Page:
Re-discussing an agreement does not terminate that agreement

If one party to agreement wants to re-discuss any terms, the agreement is still valid at law

If one party to agreement wants to re-discuss any terms, the agreement is still valid at law. This was decided by the Court of Appeal presided by Mr Justice Lawrence Mintoff on 2 September 2020 in Nazzareno Fenech -v- Sammy Ellul ezercitanti l-kummerc bhala Ellul Classic Design Woodworks Limited.

Fenech filed the appeal following a decision delivered by the Consumers Tribunal on 3 December 2019. The Tribunal turned down his claim against Ellul, which dealt with the installation of new doors. Fenech was seeking a reduction in the price.

In this case Fenech had paid a deposit when he ordered 3 doors from Ellul. The delivery was between April and May 2019, but they were ready in June 2019. Fenech wanted to pay for the doors by monthly instalments, but Ellul refused because this was not the agreement and should have been paid on installation. Fenech then instituted the action and claimed €2530, which was the price of the 3 doors. Ellul replied that the doors were ready and Fenech should pay for them.

The Tribunal held that the issue turned into an unreasonable battle between the parties. If the doors were ready, they should be installed and Fenech should pay for them, although Ellul had some blame and should pay some damages.

Fenech appealed this decision and argued that the agreement was in fact null and void, since he never saw the doors ready. The Tribunal did not give any remedy if the doors are not fixed and if they were ready, they should have been deposited in court.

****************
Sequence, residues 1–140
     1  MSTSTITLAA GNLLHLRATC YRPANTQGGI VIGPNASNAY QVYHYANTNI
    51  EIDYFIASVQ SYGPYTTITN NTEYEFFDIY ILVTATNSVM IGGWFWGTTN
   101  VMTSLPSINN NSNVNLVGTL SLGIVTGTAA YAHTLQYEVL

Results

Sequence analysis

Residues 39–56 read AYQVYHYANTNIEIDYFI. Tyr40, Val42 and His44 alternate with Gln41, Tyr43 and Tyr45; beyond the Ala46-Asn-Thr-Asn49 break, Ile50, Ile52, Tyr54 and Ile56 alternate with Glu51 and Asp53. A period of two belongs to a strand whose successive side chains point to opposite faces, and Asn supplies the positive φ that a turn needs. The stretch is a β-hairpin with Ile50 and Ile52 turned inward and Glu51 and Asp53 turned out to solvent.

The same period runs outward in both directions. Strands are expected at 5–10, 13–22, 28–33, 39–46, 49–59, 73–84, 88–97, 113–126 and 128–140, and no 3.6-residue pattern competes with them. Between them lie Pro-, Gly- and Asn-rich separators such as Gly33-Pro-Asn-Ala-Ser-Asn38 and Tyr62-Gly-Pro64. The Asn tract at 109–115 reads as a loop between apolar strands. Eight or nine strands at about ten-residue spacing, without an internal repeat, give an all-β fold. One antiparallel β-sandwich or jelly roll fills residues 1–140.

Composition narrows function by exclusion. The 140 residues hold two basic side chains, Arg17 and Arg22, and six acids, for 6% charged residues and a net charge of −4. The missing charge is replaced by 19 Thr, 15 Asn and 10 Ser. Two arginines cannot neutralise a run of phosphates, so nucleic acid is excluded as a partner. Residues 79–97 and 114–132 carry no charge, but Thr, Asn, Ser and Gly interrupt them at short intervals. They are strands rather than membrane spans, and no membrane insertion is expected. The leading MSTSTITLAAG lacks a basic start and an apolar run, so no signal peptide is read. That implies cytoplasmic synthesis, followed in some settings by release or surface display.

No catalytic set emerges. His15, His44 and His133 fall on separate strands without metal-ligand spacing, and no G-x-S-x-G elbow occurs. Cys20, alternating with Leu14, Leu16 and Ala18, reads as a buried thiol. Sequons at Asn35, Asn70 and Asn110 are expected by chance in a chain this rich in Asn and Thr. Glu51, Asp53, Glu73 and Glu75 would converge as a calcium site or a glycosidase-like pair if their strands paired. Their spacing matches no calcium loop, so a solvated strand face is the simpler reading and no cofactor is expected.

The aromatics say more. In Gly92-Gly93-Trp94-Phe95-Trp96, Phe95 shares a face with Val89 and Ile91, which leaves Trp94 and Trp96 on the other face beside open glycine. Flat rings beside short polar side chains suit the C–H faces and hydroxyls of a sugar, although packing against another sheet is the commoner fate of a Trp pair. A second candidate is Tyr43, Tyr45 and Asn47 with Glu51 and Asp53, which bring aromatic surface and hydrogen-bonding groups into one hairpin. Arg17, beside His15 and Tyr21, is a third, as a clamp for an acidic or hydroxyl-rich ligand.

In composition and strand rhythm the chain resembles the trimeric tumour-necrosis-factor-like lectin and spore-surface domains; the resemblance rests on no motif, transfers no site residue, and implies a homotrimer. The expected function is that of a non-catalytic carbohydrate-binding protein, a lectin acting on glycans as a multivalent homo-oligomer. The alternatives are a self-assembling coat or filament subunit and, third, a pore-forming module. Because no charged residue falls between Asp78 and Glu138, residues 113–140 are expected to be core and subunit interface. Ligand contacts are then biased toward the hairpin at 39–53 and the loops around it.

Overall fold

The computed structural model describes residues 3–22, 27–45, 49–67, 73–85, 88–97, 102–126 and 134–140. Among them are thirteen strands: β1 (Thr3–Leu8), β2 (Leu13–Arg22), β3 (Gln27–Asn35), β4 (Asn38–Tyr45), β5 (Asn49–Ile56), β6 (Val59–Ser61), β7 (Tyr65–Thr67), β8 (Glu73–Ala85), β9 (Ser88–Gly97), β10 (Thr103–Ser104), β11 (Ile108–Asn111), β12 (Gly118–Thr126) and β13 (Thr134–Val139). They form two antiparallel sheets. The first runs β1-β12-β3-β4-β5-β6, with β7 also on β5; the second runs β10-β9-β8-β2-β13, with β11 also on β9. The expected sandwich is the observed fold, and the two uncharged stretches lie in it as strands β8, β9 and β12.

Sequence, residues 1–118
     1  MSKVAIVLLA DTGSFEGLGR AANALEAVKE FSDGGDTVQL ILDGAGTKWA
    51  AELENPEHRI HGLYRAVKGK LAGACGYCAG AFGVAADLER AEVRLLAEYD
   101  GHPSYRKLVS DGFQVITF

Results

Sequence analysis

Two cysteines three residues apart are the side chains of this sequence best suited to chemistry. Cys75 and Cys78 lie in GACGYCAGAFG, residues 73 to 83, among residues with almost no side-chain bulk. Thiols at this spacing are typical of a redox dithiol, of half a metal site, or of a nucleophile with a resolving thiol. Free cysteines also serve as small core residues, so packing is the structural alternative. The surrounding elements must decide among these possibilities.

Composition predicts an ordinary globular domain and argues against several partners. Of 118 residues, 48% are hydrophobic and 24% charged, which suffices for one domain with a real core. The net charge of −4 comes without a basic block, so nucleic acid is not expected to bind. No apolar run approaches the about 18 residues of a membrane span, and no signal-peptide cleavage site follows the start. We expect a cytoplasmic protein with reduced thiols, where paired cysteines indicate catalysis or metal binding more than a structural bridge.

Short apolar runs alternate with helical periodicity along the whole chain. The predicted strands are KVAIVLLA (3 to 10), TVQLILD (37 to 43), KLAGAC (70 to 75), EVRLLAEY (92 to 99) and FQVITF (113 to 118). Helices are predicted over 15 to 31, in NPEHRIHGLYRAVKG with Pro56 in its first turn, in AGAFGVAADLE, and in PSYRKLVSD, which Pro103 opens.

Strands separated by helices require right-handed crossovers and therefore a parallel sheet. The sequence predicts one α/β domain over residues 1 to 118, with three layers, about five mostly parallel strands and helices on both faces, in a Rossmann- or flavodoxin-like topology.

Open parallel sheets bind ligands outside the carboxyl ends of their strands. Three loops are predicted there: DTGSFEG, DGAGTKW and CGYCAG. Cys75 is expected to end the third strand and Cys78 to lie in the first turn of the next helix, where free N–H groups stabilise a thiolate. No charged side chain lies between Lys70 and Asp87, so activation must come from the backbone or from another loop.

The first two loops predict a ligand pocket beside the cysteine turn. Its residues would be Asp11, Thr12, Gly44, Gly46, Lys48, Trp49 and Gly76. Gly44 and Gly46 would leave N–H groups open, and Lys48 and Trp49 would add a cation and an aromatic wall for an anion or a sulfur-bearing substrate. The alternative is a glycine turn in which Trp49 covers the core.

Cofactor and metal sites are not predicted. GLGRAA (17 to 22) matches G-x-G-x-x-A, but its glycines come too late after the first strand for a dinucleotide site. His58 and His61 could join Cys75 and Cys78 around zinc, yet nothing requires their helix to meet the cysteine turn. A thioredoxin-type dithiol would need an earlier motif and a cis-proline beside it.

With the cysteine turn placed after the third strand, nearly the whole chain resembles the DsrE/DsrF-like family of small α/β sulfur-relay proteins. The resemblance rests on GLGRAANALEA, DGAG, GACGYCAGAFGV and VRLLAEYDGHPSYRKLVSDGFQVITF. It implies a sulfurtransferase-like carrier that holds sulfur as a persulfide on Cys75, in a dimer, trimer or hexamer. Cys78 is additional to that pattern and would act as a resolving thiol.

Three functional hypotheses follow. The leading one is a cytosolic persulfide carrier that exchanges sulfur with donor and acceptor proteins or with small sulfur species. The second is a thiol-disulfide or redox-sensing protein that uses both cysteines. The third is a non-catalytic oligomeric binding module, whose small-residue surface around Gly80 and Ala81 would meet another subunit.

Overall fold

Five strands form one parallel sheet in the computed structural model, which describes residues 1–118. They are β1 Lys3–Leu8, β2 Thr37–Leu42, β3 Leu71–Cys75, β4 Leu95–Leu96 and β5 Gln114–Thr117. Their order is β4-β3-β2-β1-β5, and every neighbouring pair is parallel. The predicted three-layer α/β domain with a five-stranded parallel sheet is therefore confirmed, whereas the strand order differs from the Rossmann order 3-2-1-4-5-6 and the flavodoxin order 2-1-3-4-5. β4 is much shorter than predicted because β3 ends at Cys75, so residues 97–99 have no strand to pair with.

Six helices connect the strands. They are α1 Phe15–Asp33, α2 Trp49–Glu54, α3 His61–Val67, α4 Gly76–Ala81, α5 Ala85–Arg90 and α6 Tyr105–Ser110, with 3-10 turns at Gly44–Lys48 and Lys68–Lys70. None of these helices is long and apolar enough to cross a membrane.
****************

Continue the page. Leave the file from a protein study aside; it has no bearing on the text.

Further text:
The Court of Appeal dealt with the first and third ground of appeal together since they dealt with whether the agreement between the two parties was valid at law. Fenech argued that he had lost all trust in Ellul and did not see the finished product and Ellul should have deposited these doors in court. The former felt that the agreement had fallen through.

Ellul countered by stating that there was no precise date for delivery, but there was merely an indication. In fact, in May 2019, Fenech was still choosing the colour of the doors. Ellul accused Fenech of not having the finances to pay for the doors as the true reason of the refusal.

The Tribunal did not declare that the agreement was terminated at any point and this was done after it had examined all the evidence brought before it. The Court of Appeal held that Fenech is asking for a re-evaluation of the evidence, something that a Court of Appeal should not do. A Court of Appeal should examine whether the first court, in this case the Consumers’ Tribunal, could reach the decision it took. The Court of Appeal did exactly this and saw that the agreement between the Parties did not establish a precise date when the doors had to be delivered. In July 2019. Fenech received a message saying that the doors were ready and asked for the balance. The Court point out that both Parties had signed an invoice and therefore, one could conclude that this was their agreement. The Court pointed out that this invoice indicated April/May and the colour was not indicated.

Ellul had finished the doors in June and even in July Fenech did not indicate that he wanted to terminate but negotiated on the terms of payment. Therefore, the agreement was still valid.

As to the second ground of appeal, where the Tribunal did not give an effective remedy if the doors are not installed and did not give a time limit. Ellul explained that the doors are still ready to be fixed as long as he is paid the balance. The Court of Appeal quoted from Subsidiary Legislation 378.01 on the Regulations of the Consumers’ Tribunal which states that the Arbiter may correct an error or omission in the decision and can award costs and interest. In this case, Fenech had a remedy before initiating these proceedings and therefore, did not need a solution for a hypothetical situation if Ellul failed to install the doors.

The Court of Appeal then moved to dismiss the appeal.

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